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JBM leaves Cork with his reputation intact

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Jimmy Barry Murphy has 'displayed flair, class and devil-may-care panache without ever giving the impression of untoward egotism'

Jimmy Barry Murphy has 'displayed flair, class and devil-may-care panache without ever giving the impression of untoward egotism'

SPORTSFILE

Jimmy Barry Murphy has 'displayed flair, class and devil-may-care panache without ever giving the impression of untoward egotism'

We always speak well of the dead, both the literal and metaphorical varieties, in this country. But there was something genuine about the note of admiration which marked the obsequies for Jimmy Barry-Murphy's inter-county career last week.

That's because ever since the St Finbarrs man burst on the scene as a teenage skinhead, rattling in two goals for Cork in the 1973 All-Ireland football final, he displayed flair, class and devil-may-care panache without ever giving the impression of untoward egotism.

It was an almost impossible feat to pull off but JBM specialised in the impossible. And, though it might not seem like it now, I think his second spell as Cork hurling manager will come to be seen as one of his finest achievements. The chalice he was handed wasn't just poisoned, it had acid smeared on the outside, yet he managed to restore some of the old faith and confidence to a depressed and divided following.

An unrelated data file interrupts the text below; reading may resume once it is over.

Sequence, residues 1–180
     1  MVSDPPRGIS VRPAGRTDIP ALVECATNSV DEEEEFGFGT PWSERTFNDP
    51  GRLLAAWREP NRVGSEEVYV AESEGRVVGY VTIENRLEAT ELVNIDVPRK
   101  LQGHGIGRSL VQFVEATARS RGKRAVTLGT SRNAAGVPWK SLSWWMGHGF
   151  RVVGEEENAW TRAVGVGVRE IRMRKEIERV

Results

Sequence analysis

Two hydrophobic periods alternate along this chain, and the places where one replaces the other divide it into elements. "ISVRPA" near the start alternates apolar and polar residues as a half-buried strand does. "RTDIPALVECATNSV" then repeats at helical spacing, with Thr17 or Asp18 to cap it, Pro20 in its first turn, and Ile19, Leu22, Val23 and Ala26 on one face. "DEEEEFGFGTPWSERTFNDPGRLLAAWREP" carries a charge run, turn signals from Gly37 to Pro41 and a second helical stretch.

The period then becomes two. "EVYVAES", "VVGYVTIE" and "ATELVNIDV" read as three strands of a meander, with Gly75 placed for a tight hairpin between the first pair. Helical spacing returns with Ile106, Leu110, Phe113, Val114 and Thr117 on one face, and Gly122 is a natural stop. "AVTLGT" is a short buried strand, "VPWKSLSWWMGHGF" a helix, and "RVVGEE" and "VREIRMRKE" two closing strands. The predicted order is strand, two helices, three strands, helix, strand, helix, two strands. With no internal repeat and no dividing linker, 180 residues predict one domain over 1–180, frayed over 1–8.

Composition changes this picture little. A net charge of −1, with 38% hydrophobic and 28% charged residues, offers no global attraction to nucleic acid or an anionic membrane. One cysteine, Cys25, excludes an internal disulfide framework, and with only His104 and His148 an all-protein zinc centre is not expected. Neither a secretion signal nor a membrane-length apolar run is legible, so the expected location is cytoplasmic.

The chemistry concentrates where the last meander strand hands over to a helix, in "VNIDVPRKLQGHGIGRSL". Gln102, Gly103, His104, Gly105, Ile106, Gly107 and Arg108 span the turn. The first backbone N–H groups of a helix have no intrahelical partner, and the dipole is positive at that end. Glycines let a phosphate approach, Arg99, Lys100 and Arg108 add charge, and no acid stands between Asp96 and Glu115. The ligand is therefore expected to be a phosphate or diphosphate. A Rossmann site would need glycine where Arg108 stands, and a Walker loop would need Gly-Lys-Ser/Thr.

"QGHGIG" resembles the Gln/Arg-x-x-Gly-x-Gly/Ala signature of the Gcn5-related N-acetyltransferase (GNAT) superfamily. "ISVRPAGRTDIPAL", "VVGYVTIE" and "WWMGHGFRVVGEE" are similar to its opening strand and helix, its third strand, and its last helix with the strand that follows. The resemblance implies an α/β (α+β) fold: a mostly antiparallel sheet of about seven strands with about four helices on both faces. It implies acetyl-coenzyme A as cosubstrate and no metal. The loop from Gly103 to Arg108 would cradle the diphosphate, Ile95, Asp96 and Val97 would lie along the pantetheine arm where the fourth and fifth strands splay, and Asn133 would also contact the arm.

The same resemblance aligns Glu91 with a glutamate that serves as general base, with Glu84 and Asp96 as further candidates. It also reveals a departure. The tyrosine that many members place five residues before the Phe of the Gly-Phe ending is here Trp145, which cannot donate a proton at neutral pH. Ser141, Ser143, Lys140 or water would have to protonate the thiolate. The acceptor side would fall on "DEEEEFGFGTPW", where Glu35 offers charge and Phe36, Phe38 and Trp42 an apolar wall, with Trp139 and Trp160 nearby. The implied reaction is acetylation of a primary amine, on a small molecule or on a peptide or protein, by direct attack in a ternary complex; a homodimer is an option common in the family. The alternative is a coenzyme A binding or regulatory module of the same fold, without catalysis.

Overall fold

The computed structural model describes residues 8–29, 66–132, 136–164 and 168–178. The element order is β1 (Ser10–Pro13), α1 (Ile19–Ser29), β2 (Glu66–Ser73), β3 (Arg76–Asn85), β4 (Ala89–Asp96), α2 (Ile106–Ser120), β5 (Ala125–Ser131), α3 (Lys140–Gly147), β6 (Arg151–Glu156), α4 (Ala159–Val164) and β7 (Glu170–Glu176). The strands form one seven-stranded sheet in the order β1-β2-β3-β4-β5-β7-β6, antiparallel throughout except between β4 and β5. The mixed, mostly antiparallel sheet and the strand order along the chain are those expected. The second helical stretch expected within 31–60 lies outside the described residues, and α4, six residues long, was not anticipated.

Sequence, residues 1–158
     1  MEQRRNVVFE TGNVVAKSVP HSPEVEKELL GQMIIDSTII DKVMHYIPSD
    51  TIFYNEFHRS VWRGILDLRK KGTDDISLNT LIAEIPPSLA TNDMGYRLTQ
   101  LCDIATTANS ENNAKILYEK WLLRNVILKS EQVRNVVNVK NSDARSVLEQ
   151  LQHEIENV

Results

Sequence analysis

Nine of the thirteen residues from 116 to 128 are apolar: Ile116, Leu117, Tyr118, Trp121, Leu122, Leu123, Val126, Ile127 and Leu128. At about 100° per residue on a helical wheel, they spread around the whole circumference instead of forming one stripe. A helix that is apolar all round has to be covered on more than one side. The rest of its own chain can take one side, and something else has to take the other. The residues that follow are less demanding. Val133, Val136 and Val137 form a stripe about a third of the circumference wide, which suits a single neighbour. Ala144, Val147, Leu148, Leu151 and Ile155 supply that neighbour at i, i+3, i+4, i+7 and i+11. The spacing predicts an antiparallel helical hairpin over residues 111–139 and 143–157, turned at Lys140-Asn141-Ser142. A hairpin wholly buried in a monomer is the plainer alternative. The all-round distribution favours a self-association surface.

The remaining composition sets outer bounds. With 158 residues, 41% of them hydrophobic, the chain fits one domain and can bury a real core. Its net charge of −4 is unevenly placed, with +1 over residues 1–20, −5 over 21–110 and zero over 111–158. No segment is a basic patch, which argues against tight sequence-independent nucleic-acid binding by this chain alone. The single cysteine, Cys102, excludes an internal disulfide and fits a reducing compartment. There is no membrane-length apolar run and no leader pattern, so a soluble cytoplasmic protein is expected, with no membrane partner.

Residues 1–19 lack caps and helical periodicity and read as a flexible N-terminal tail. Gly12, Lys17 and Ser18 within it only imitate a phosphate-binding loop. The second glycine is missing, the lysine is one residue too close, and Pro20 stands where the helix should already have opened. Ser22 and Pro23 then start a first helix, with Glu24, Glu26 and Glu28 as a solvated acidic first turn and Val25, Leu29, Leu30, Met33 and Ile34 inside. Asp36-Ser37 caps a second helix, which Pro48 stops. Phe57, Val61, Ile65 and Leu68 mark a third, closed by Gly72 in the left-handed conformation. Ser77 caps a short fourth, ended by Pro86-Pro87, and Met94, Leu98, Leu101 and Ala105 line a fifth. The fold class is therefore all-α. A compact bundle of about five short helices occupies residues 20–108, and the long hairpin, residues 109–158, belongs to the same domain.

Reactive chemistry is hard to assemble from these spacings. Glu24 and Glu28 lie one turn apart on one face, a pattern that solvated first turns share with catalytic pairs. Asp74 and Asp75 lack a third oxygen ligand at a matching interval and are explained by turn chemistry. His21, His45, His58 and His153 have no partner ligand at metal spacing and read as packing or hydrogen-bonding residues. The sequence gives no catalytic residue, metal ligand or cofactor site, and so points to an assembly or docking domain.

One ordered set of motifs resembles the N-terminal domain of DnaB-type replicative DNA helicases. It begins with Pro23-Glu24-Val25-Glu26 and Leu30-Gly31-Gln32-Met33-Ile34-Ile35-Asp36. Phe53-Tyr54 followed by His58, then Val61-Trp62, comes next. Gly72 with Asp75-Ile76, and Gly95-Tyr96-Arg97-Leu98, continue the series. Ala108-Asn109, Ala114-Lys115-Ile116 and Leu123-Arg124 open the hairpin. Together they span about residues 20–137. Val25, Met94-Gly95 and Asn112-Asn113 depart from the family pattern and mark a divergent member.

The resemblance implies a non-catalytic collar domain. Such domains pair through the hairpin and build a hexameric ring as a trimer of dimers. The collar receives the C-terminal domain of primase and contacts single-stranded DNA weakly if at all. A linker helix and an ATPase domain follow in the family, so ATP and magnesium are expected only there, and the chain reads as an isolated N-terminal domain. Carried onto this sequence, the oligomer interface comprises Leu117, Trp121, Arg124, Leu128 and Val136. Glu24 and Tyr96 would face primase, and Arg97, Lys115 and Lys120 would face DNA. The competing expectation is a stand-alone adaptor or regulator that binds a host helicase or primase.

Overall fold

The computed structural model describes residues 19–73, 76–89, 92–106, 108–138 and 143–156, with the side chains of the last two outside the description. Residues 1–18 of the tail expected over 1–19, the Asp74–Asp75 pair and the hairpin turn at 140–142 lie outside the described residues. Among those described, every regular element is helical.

The team he steered to the 2013 All-Ireland final were as limited a bunch as have ever taken the field for Cork hurlers in September, yet had Brian Gavin finished the game at the right time they would have been All-Ireland champions. Getting a Munster title out of the same players in 2014 was another signal achievement, and one which suggested that the structural problems in Cork hurling might not be so serious after all.

But the subsequent defeat by Tipperary in the All-Ireland semi-final and this year's disastrous campaign showed that even Barry-Murphy couldn't defeat sporting logic as years of underage underachievement came home to roost for Cork against opponents who simply didn't fear the Rebels anymore.

It's sad to think that Barry-Murphy's last involvement with Cork at inter-county level may have been the diabolical display against Galway in July. He could have played it safe and rested on the laurels gained when managing the 1999 All-Ireland winning side but the man was never one to shirk a challenge. His second appointment was, like his move to centre half-forward late in the 1976 All-Ireland final against Wexford, an attempt to remedy a desperate situation. Back then he hit three points to get Cork home. This time round he couldn't work the oracle.

Nevertheless he leaves with honour intact. JBM always had a special place in the heart of Cork fans because he seemed to epitomise certain qualities they prized as intrinsic to their hurling team: confidence, grace, coolness, the ability to be streetwise without being mean, the desire to always do things with a bit of style and the nous to know the difference between arrogance and conceit.

He had it all.

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